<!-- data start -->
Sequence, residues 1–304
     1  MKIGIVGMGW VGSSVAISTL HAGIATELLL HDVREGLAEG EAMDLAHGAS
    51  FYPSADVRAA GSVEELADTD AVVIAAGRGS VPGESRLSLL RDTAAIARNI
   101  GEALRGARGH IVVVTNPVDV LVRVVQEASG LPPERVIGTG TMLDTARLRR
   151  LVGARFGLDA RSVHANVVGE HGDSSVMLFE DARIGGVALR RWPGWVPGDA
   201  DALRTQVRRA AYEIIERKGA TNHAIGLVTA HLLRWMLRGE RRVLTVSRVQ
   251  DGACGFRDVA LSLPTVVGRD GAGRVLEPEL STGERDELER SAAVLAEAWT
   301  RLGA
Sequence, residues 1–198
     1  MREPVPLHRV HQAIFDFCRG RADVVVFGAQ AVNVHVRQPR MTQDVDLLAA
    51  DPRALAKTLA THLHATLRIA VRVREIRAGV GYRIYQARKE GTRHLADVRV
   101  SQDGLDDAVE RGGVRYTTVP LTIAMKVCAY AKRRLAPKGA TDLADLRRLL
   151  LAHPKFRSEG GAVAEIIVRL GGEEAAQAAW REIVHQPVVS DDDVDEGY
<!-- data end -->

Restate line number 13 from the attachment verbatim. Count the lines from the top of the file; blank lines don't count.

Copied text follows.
   151  LAHPKFRSEG GAVAEIIVRL GGEEAAQAAW REIVHQPVVS DDDVDEGY